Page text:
Trading in Boursa Kuwait stocks is expected to begin in June 2020, by when global index compiler MSCI is set to upgrade the Boursa to emerging-market status. The current upswing in Boursa indices is probably linked to this potential upgrade from frontier to major emerging-markets, which could see over US$3 billion in passive inflows to the country.
Overwhelming response to the Boursa IPO is probably a reflection of the public confidence in the future potential of the exchange. This upbeat sentiment is predicted to spread to the wider market in the coming months with the decision in October by the Board of Directors of the Central Bank of Kuwait (CBK) to lower the discount rate from 3.0 percent to 2.75 percent.
The discount rate is the minimum interest rate charged by CBK on loans made to the commercial banks and other financial institutions in the country. The lower rate, which is the first monetary easing by the CBK since 2012, is expected to encourage commercial banks to offer lower rates to businesses, and hopefully boost market activity. Unless that is, someone comes up with the argument that the CBK charging interest on loans to local banks is ‘haram’.
At a time when the economy can use all the help it can get, and parliament remains mired in frivolous discussions and interpellations, the last thing the country needs is a new set of religious dictates. According to the latest assessment by the International Monetary Fund (IMF), real gross domestic product (GDP) growth in the region is forecast to decelerate this year to 0.7 percent from the 2.0 percent in 2018.
The IMF attributed this decline in GDP growth to slowing global growth, international trade tensions and geopolitical risks, as well as oil production cuts mandated by the Organization of Oil Exporting Countries (OPEC) along with several non-OPEC states. The Fund also notched down the region’s non-oil GDP growth in 2019 to 2.4 percent, from the 2.9 percent growth that it predicted in April.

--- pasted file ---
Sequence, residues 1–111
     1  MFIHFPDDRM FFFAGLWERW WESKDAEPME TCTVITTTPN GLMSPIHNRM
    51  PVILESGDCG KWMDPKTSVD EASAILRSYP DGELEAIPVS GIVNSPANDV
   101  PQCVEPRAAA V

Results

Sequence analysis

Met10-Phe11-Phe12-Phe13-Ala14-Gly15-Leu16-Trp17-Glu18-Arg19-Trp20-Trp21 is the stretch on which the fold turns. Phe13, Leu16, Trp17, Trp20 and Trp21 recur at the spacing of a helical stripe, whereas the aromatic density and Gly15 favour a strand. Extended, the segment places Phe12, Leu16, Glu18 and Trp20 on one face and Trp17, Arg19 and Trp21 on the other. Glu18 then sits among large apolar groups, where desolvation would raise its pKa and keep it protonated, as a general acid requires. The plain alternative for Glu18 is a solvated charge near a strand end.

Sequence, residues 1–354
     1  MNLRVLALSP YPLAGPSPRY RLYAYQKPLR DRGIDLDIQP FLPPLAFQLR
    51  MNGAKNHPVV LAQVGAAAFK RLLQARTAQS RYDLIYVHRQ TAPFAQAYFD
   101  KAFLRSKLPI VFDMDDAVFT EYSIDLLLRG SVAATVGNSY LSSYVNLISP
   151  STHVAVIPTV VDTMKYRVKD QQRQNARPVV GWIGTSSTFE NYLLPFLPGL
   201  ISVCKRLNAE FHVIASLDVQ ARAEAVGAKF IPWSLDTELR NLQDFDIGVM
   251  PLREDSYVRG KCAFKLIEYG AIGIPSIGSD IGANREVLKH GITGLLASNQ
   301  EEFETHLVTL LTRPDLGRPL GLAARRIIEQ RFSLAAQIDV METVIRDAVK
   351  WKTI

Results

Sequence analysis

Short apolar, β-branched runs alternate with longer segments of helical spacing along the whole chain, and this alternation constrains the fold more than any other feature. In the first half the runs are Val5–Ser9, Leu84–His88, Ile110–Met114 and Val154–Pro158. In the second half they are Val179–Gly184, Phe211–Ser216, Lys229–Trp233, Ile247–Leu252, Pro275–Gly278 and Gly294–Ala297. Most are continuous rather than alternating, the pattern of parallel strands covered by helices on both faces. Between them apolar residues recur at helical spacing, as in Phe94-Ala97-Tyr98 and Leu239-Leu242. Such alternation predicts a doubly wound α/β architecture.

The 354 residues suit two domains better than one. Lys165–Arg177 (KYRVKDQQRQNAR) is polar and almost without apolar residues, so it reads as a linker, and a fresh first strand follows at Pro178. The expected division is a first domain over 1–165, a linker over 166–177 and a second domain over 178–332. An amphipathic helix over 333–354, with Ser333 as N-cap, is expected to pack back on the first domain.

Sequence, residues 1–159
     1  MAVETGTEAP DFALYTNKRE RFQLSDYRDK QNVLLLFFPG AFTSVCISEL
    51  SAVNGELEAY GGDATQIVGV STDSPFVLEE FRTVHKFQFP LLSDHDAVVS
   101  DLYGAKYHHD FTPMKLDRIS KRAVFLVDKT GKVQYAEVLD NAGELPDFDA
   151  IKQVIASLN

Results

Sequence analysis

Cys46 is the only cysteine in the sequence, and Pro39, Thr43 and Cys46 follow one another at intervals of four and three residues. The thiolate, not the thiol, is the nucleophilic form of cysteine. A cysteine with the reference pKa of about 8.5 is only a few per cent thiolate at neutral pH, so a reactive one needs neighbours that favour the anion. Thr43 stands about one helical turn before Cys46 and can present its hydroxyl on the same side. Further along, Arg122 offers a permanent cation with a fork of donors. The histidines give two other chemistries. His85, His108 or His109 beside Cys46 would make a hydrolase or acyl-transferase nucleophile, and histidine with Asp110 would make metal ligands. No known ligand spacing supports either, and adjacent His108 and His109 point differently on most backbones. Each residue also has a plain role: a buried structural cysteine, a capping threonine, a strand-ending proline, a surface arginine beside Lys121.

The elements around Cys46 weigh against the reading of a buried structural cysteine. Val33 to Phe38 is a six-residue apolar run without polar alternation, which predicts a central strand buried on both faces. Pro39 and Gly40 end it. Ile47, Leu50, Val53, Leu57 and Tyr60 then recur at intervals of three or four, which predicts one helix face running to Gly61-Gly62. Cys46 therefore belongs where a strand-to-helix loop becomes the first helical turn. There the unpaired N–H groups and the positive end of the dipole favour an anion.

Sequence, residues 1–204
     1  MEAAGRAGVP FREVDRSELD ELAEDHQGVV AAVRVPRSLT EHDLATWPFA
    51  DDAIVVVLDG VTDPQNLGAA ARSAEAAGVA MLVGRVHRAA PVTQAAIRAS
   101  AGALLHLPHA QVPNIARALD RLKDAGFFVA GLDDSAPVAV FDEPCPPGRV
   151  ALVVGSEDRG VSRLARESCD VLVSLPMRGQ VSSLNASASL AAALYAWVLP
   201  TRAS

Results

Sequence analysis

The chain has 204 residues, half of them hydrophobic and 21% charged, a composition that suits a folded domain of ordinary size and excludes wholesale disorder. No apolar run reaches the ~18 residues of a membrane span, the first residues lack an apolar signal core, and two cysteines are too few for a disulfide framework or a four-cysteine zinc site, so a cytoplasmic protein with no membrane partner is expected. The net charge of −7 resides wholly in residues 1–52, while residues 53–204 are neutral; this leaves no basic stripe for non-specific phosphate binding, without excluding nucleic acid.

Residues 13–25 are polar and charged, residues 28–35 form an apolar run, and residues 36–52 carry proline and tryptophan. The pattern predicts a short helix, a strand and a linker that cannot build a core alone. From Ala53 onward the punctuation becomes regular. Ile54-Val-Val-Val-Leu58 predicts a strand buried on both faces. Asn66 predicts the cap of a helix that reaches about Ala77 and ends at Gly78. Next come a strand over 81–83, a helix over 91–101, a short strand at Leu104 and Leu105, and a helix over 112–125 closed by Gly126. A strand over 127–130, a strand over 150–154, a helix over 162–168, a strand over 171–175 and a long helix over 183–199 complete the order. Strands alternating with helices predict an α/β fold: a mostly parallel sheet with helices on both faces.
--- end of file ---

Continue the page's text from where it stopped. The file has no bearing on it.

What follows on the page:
Warning that falling economic growth in the region could highlight fiscal vulnerabilities while elevating the need for financing and public debt, the IMF urged governments to pursue improvements to their business environment. The Fund noted that enhancing business climate was crucial to catalyze investments, encourage privatization and foster public-private partnerships. Another area that policy-makers should focus on, said the IMF is to incentivize private-sector employment for nationals in a bid to reduce lower productivity caused by high wages and over-employment in the public-sector.
Most of the IMF recommendations are unlikely to be palatable to conservative lawmakers and their supporters in Kuwait. Having managed to remove the finance minister, the lawmakers next focus could very well be the CBK and its policies aimed at opening up the economy, enhancing privatization and encouraging foreign investments.
In announcing the decision to cut the discount rate, CBK Governor Dr. Mohammad Y. Al-Hashel said that the CBK is mandated, as part of its establishment and by law, to maintain monetary and financial stability in the country. Implying that the decision to cut the discount rate was in line with this mandate, the governor said: “The decision fulfils the dual objectives of promoting non-inflationary economic growth conditions in non-oil sectors, and ensuring the continued attractiveness and the competitiveness of the national currency as a reliable store of domestic savings, both of which are mainstays of monetary policy.”
A perennial problem impeding economic progress in Kuwait has been the tendency for various government entities, with overt and covert support from various legislative factions, to pull in opposite directions on critical economic issues. It is hoped that the issue of Boursa Kuwait IPO and support for economic growth of the country will not become another bone of contention, with the CBK and Boursa on one side, and the Awqaf Ministry with its supporters on the other.
The Times Report